Dubs rise to the challenge on their odyssey to Omagh

Tyrone’s counterattack lacks impact as champions' well-oiled machine pays dividends

Tyrone’s Colm Cavanagh and Cathal McShane tackle Con O’Callaghan of Dublin at Healy Park, Omagh on Saturday. Photograph: James Crombie/Inpho

Tyrone’s Colm Cavanagh and Cathal McShane tackle Con O’Callaghan of Dublin at Healy Park, Omagh on Saturday. Photograph: James Crombie/Inpho

 

There’s a plausible rule of thumb with Jim Gavin that the more strongly he feels about something, the blander the reaction – if there is one at all, and not one of his deflections.

With the football world looking on in the hope that having to travel 110 miles north to take on one of the likelier contenders for the All-Ireland might force the champions to reveal some frailty, Dublin’s manager was asked whether the challenge of having to win away in Omagh had been a special motivation.

In response he channelled Ron Manager.

“Just excitement – a great opportunity, really, to come up to Omagh on a summer’s evening, knowing that Healy Stadium was going to be full, and once again we got a great welcome from the Tyrone officials. We were passing Dublin supporters on the way up – in the car, enjoying themselves – and it’s great for the local economies as well. It was just a great experience and one that the guys will treasure when they look back on the season.”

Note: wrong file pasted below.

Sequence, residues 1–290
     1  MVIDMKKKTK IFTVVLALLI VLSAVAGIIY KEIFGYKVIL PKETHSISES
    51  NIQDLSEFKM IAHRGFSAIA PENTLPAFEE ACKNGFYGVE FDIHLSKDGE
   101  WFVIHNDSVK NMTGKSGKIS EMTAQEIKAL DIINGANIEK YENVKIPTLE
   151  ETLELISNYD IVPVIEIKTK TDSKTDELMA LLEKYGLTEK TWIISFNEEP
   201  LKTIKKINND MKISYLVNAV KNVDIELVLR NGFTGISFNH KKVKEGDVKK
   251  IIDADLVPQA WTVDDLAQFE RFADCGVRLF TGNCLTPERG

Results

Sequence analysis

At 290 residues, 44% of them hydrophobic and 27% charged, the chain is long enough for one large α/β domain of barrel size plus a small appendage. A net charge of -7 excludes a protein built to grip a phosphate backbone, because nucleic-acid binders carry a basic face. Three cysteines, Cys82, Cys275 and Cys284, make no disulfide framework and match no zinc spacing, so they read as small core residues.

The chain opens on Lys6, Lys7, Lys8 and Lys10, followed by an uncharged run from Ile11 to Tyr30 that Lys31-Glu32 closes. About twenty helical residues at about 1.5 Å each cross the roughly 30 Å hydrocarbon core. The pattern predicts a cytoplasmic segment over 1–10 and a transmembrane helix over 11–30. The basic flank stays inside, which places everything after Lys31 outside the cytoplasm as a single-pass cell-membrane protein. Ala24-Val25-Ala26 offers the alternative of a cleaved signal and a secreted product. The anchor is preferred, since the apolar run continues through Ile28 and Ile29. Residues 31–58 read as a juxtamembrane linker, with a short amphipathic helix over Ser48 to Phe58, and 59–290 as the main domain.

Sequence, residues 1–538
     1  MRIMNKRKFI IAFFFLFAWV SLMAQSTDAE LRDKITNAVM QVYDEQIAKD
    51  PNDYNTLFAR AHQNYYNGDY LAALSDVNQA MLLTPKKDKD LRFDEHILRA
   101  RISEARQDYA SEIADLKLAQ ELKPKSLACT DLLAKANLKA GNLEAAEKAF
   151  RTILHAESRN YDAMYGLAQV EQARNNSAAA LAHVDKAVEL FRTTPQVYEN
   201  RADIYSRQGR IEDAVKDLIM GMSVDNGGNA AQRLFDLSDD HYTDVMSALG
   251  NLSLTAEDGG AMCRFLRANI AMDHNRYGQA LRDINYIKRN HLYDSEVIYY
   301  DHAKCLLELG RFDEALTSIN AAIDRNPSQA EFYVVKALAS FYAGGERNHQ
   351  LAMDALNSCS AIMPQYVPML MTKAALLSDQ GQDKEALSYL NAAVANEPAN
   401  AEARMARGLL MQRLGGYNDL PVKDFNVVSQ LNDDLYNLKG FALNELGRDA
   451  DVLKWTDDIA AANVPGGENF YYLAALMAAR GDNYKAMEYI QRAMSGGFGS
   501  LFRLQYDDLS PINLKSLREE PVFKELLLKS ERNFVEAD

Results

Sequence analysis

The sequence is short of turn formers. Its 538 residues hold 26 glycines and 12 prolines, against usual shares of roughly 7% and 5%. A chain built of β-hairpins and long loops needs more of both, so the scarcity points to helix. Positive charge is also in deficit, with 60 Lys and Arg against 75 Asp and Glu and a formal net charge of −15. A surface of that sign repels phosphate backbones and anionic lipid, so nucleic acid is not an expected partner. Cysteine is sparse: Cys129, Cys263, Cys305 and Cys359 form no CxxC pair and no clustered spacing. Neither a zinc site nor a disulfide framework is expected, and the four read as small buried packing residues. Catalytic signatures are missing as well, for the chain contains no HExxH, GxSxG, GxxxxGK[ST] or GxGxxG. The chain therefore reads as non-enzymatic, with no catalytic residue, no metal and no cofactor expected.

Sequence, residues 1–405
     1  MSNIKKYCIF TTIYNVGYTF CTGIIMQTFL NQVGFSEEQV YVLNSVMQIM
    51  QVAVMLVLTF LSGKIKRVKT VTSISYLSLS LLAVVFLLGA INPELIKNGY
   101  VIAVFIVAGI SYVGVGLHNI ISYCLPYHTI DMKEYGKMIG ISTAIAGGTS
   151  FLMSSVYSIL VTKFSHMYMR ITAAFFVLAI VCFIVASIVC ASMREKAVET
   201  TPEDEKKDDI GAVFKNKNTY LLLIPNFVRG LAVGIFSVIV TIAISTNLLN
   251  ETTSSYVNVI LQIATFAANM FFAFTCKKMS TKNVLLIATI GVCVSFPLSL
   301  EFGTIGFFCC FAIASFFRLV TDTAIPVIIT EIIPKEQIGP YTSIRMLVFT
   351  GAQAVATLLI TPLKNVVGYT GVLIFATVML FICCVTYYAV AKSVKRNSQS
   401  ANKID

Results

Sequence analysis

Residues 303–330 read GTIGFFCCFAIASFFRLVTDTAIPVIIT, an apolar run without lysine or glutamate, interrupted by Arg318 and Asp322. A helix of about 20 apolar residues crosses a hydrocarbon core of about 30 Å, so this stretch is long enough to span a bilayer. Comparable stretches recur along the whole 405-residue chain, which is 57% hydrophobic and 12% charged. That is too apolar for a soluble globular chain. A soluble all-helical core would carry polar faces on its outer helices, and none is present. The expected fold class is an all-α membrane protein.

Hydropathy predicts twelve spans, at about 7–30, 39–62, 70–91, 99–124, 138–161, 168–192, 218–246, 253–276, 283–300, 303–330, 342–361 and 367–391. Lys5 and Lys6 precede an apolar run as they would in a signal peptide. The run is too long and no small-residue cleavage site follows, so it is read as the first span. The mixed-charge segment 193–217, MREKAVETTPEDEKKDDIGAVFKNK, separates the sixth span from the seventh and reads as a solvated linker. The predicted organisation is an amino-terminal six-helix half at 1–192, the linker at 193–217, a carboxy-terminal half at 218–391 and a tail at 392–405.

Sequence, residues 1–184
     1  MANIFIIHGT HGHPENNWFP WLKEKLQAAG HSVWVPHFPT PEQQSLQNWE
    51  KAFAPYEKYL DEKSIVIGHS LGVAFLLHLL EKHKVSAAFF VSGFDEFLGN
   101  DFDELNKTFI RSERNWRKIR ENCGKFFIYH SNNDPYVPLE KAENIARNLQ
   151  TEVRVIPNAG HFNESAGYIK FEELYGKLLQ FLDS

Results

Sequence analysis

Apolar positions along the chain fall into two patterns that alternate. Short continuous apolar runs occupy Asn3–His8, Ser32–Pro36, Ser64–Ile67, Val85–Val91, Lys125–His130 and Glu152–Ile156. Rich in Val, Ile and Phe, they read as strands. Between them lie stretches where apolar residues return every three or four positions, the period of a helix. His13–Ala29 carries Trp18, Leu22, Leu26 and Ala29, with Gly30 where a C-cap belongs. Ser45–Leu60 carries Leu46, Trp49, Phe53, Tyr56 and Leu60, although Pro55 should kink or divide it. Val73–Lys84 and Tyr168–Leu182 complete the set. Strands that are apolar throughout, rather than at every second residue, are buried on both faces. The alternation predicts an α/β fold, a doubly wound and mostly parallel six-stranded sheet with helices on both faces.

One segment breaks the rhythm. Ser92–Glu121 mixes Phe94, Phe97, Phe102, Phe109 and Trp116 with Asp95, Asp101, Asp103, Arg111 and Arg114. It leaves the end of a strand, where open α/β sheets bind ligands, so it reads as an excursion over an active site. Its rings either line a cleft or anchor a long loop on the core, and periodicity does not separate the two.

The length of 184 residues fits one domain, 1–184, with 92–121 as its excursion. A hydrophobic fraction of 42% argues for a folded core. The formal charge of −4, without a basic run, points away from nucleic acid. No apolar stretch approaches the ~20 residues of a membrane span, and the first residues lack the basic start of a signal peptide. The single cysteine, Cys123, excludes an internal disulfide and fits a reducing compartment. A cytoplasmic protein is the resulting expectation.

The nuts and bolts of a match that his team won – clearly but not without anxiety – were succinctly summed up.

“Two games down in the All-Ireland round-robin series and we’ve four points on the board and that’s satisfying.

“We drove hard at Tyrone, got some great scores and they put in some great defending. Defensively we looked strong as well. We knew going into the game that they had put up some big, big scores over the last five games and it’s a credit to the system that Mickey has – they’re a very potent attacking unit and to limit them to what we did today is a reflection of some really hard work by the collective on the pitch.”

Battling qualities

Tyrone’s counter-attacking template didn’t have the same impact against Dublin’s well-oiled machine, and manager Mickey Harte was torn between recognition of his team’s battling qualities and disappointment at falling short.

“I think it’s great credit to our boys that they dug in, they fought back and they got to within a point, and I suppose even a free at the end there – if we had scored that free – would have made it even a more tight battle to the end.

Tyrone’s manager Mickey Harte and Dublin manager Jim Gavin after the game. Photograph: James Crombie/Inpho
Tyrone’s manager Mickey Harte and Dublin manager Jim Gavin after the game. Photograph: James Crombie/Inpho

“Obviously we’re not happy with the outcome or the result, and we’re not looking about moral victories, ‘oh you pushed them close or you ran them close’. It wasn’t about that. We intended to win this game. We felt we were capable of winning the game, and we didn’t win it.

“The only saving grace is it doesn’t knock us out of the championship altogether. We have another chance and it’s not often you would lose a game at this time of the year, an All-Ireland quarter-final, and still have another chance.

“If we hadn’t conceded that goal, it would have been interesting to see how the game would have panned out, but sure that’s all conjecture now.

“The bottom line is, on the day they were, they are, the great champions, and they beat us, and they’re away home safely in the semi-final at this stage, so good luck to them.”

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